Sitting on an Old Bedspread Under an Oak Tree,
Watching My Son’s Soccer Practice
by Maggie Smith
For reasons I can’t explain
—that’s what therapy is for—
I can be doing anything, anywhere,
and my mind slips away
without warning, an Irish exit,
and enters the dark room again.
Cross-legged in a lattice
of shade and sun, bits of acorn
in my hair from the squirrels overhead,
I’m watching my son in goal,
but my mind, in the dark, is busy
guessing the story his father tells
about our marriage. My money’s on
the one that goes, She didn’t love me enough.
But didn’t I? In the field the boys
are scrimmaging now, calling out
to each other—Here! I’m open!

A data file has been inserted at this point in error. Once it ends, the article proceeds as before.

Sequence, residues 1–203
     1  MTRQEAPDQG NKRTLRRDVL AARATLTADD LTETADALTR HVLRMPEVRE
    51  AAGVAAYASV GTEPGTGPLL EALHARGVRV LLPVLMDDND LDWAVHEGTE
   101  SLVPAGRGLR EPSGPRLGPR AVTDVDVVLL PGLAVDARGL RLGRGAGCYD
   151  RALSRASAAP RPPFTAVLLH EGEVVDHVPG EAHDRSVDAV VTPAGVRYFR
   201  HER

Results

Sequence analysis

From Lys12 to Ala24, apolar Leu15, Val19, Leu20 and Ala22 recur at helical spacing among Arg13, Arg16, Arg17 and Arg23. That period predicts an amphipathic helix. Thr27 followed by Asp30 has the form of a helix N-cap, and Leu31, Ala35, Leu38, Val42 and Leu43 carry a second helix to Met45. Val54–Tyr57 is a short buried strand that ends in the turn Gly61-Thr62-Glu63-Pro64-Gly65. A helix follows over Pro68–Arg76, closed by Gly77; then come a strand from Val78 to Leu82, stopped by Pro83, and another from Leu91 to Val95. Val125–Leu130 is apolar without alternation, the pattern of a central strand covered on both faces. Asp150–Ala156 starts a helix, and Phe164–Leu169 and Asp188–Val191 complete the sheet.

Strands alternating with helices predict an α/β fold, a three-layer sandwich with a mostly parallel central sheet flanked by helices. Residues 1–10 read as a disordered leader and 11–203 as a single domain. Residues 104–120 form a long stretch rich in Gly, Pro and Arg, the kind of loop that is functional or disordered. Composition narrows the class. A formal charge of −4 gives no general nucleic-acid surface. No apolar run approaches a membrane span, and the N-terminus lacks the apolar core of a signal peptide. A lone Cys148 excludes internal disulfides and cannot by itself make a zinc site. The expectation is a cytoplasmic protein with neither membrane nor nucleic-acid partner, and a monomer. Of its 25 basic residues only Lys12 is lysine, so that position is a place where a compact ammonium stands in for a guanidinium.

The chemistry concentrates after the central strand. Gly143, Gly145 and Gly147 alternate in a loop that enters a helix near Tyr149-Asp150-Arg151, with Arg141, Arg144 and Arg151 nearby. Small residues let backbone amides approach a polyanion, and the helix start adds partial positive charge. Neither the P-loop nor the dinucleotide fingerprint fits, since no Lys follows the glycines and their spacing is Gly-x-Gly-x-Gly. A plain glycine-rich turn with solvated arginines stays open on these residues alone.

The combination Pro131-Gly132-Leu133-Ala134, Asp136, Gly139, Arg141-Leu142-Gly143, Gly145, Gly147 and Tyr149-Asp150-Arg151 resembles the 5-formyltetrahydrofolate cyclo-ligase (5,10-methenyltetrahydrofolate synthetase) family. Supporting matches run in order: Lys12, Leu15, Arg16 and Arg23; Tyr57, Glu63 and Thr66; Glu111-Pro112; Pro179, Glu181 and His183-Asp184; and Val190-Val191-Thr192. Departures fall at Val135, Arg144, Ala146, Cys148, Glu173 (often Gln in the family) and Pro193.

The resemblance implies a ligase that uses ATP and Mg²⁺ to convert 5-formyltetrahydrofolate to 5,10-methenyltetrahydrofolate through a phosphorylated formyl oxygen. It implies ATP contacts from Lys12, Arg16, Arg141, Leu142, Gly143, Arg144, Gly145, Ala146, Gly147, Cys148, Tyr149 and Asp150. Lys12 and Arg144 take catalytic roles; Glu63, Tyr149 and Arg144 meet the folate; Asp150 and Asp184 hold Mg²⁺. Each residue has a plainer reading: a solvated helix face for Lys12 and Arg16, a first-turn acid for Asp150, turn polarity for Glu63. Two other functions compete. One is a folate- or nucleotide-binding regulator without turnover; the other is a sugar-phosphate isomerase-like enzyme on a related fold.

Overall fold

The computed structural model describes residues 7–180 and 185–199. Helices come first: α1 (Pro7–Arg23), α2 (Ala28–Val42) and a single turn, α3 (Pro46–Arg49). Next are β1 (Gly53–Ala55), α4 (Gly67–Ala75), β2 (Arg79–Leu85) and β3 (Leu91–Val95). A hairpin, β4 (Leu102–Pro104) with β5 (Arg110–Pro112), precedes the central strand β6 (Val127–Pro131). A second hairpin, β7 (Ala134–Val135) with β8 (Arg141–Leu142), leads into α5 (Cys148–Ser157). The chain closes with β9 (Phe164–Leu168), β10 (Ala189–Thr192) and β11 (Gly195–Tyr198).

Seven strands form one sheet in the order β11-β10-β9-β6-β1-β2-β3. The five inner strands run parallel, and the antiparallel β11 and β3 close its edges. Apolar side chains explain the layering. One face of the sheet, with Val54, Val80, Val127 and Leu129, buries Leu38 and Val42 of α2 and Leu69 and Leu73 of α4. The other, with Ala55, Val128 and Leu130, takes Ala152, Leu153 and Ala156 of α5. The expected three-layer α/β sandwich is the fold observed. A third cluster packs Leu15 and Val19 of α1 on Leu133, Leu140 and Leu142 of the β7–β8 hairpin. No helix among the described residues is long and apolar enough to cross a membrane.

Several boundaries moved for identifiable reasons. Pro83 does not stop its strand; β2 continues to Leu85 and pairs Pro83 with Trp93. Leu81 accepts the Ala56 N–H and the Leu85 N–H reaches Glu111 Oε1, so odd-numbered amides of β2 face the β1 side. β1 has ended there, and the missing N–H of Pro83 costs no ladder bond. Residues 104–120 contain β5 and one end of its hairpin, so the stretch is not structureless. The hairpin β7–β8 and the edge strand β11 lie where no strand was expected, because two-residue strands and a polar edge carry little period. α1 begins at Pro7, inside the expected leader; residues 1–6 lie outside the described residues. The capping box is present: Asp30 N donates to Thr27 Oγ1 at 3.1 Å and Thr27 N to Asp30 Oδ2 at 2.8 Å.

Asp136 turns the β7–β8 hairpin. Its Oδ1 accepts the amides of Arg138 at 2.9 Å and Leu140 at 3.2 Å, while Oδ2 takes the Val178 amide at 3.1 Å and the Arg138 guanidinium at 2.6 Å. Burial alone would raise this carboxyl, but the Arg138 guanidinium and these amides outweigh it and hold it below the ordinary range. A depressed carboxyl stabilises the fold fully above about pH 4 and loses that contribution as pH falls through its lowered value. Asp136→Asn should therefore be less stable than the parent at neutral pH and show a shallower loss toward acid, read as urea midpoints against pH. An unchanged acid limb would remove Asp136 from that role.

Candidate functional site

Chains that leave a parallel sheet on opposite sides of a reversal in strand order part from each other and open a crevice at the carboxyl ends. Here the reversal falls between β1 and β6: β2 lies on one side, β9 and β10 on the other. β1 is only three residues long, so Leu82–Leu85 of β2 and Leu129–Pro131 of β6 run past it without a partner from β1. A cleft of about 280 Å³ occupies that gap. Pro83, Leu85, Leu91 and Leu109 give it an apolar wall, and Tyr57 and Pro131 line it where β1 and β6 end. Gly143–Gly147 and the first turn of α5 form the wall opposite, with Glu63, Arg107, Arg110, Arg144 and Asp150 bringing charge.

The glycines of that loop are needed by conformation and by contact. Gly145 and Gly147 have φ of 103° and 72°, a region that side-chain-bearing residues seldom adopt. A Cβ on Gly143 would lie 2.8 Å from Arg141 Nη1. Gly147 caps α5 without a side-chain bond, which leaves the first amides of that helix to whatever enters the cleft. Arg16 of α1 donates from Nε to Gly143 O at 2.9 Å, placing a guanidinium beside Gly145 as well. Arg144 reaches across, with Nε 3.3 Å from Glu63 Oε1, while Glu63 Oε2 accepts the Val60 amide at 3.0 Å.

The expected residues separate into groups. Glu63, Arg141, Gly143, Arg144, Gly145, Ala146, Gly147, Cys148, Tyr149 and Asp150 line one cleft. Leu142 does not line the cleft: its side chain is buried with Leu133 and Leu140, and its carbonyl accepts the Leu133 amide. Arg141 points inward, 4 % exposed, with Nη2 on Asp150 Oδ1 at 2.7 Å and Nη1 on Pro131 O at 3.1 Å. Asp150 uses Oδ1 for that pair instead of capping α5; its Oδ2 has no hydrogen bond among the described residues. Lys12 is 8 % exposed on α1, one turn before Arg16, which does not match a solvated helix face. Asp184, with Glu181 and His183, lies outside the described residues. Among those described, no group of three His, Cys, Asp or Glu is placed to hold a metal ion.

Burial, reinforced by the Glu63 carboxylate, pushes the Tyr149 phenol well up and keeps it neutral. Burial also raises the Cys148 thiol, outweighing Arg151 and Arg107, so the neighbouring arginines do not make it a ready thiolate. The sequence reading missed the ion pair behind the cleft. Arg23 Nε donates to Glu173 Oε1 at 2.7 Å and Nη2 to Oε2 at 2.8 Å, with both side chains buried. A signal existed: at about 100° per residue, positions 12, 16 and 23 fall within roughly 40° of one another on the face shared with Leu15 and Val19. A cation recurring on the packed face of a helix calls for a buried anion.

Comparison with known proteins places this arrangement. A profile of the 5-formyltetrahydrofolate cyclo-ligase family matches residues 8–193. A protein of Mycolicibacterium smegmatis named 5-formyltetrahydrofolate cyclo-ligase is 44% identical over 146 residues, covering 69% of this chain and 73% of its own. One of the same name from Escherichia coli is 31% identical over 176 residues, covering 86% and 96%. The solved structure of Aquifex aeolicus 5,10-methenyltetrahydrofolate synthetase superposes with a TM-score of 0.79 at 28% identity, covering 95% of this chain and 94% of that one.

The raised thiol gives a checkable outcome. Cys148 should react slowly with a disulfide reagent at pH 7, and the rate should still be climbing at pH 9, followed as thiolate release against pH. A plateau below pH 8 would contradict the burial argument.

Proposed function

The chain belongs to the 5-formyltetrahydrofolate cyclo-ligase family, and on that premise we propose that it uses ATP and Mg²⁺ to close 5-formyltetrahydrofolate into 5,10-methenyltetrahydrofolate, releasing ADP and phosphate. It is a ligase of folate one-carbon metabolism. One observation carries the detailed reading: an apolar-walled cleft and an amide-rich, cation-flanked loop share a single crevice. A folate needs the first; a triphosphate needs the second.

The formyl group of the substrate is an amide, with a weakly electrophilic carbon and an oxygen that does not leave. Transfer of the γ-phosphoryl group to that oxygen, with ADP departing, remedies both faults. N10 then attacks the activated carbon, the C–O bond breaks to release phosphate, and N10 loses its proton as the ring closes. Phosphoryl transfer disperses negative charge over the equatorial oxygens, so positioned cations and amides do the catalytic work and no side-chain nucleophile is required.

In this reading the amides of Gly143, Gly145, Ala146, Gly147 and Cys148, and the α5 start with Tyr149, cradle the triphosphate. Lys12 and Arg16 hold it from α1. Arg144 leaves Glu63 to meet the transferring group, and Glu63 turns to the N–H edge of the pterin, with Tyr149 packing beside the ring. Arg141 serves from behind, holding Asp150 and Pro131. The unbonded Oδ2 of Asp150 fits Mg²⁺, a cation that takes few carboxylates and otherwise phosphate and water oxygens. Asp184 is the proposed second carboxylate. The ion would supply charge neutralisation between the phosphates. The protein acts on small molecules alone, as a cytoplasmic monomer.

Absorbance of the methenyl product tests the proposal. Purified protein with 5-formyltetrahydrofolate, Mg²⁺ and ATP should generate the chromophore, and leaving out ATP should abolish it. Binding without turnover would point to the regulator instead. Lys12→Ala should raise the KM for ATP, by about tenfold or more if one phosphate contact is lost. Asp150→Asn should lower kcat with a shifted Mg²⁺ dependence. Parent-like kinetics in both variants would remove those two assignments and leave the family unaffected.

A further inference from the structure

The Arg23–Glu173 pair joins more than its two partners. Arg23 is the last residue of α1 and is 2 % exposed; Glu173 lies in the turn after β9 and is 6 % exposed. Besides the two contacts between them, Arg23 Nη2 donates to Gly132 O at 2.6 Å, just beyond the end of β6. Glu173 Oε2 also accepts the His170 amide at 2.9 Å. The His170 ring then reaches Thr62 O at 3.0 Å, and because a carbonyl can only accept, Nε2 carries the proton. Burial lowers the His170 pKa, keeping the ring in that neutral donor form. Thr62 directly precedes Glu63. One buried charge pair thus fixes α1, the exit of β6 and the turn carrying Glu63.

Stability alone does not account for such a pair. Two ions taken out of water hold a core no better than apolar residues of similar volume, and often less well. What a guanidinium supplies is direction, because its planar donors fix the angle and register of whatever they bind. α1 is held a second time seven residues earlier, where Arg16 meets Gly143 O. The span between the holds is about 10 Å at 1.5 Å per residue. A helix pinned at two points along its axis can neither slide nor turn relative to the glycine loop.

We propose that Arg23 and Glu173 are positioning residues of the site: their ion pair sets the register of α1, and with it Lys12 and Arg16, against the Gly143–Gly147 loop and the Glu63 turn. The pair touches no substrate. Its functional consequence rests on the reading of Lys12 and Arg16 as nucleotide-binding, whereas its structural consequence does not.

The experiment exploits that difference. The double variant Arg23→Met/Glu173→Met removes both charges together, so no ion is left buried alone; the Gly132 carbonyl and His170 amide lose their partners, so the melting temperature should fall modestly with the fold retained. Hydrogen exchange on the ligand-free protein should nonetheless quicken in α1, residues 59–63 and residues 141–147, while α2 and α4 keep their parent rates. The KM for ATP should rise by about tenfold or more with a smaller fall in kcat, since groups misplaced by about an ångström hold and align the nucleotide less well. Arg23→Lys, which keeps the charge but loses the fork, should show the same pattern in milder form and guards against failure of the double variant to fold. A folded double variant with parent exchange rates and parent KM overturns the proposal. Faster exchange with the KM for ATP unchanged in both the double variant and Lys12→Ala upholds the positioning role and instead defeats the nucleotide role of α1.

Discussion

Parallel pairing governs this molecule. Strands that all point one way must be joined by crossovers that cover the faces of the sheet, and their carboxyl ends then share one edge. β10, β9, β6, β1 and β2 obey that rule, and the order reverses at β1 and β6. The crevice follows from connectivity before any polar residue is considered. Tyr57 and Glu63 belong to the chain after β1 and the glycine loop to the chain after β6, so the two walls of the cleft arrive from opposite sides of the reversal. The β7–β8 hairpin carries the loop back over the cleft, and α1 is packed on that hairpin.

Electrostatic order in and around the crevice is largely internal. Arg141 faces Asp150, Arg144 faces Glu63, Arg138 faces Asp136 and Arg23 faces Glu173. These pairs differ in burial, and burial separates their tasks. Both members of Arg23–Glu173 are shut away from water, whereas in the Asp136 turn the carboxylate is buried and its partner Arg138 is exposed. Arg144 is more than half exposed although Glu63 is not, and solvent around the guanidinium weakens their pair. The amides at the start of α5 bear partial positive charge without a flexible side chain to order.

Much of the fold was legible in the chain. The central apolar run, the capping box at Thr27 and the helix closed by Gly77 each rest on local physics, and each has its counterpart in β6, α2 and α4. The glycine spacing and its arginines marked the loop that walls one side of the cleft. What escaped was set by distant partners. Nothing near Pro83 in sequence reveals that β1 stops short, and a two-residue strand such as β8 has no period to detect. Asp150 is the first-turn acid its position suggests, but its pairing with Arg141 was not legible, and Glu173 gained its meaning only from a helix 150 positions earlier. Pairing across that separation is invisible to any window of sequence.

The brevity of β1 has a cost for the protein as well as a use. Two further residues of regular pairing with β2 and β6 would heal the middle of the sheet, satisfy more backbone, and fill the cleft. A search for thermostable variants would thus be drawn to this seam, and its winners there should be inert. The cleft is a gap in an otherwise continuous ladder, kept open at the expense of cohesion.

And wasn’t I? Among the sentences
I sent him at the end are these,
and what a handsome pair they make:
Have some compassion.
This is not how you leave a person.
I’ll see what my therapist can do
with this couple in our next hour
together. When I say it now, it sounds
like an offering: Have some compassion.
Like, have some cake or have a seat.
All of these things can be refused.
My story goes something like this:
I loved him plenty. I loved
how life had stretched around us,
and how I knew it by its shape.
Now my son gives me a thumbs up,
a smile. Do I look whole to him,
or can he tell my mind has wandered off
in darkness? I call it back.
I know: I needed to love myself
more than I feared what that love
would do to me. What it might
require of me. What, in the end, it did.